By knowing The Doctor’s greatest secret, in addition to all the secrets that he does not know, River is portrayed as both equal and superior, which are reflective in her own titles of Doctor and Professor. Once she dies, she then enters The Library, whereupon she becomes a ‘goddess’ in her own right. Moffat’s illustration of River is therefore exceptionally positive and effectively brings attention to the intricacy of female identity in a multitude of expressions.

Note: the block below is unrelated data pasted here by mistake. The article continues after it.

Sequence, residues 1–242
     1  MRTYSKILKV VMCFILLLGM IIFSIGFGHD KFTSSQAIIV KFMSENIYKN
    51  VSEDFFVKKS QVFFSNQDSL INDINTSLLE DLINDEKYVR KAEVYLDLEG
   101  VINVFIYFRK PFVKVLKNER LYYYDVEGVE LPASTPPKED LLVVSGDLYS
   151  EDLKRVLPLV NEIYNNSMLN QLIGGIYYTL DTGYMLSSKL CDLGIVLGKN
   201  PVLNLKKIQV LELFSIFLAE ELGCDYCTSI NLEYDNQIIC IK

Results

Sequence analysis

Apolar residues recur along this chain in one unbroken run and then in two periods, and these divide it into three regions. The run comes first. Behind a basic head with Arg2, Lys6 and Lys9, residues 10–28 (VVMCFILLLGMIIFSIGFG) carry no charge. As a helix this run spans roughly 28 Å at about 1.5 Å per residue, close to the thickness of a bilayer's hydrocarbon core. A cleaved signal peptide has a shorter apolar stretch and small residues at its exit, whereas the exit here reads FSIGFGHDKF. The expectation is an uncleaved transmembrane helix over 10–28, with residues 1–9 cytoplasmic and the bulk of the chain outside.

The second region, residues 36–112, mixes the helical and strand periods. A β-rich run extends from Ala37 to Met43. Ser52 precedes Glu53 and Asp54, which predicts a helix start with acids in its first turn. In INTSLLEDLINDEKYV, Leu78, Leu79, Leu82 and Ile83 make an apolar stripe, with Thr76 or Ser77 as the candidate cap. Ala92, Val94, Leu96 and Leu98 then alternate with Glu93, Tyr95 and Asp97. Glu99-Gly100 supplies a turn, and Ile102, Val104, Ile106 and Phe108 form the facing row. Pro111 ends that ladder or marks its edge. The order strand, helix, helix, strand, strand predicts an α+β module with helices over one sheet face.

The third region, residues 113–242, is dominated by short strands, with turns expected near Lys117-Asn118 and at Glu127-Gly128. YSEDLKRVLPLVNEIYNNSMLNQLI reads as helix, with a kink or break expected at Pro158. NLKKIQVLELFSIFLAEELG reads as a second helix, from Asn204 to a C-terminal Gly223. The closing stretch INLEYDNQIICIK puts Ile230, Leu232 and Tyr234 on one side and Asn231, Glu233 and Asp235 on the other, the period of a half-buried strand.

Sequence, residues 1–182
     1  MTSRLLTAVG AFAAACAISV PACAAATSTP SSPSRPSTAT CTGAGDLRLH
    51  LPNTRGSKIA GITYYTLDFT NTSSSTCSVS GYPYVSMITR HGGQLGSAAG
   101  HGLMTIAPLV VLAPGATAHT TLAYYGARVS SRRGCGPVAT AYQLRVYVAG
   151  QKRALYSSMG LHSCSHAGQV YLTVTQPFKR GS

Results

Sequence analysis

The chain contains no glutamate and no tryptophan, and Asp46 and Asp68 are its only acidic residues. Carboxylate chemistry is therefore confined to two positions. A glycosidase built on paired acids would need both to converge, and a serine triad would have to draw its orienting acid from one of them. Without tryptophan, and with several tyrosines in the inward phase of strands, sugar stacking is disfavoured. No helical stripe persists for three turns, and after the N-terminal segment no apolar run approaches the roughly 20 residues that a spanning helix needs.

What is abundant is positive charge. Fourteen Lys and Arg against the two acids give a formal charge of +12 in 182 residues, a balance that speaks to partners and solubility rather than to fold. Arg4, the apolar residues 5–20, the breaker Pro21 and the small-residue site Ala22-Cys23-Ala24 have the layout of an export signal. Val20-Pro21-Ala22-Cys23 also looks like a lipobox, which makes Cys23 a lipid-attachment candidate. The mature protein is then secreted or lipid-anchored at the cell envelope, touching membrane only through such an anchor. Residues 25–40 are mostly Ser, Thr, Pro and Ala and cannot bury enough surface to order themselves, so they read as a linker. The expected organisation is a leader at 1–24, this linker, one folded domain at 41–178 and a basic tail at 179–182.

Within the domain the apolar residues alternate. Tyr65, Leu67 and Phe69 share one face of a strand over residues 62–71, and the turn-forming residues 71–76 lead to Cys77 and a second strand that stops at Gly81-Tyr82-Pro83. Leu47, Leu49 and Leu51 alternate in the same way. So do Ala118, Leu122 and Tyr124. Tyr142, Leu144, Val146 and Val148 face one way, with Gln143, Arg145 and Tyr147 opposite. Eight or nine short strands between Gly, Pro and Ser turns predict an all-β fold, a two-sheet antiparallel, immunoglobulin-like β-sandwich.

Namely, Steven Moffat presents River Song is ‘Fictional Feminist.’ As a woman who is shown to be equal to and simultaneously independent of the most powerful of men, she mitigates gendered stereotypes, and is representative of Womanhood: older women, younger women, academic women, single women, married women, sexual women, tomboyish women, maternal women, etc… Simply, Professor Song underscores the infinite intersectionality of Womanhood and showcases that by checking one categorical box, it does not mean that another – or plenty of others – cannot also be checked. The innate innovation of the character, however, is what attracts negativity and outright hatred. In the first chapter of ‘Gender, Race, and Class in Media: A Text-Reader’, Douglas Kellner explains, ‘[The media] contribute to educating us about how to behave and what to think, feel, believe, fear, and desire—and what not to’ (5). For so long, Doctor Who and television in general has not portrayed characters like River, so she falls into Kellner’s “what not to” category. In spite of all its achievements, sex and gender equality has not been achieved globally, and the fact that River Song represents a universe in which dichotomy can be defied and gender equality can exist is still widely regarded as a frighteningly radical and offensive belief.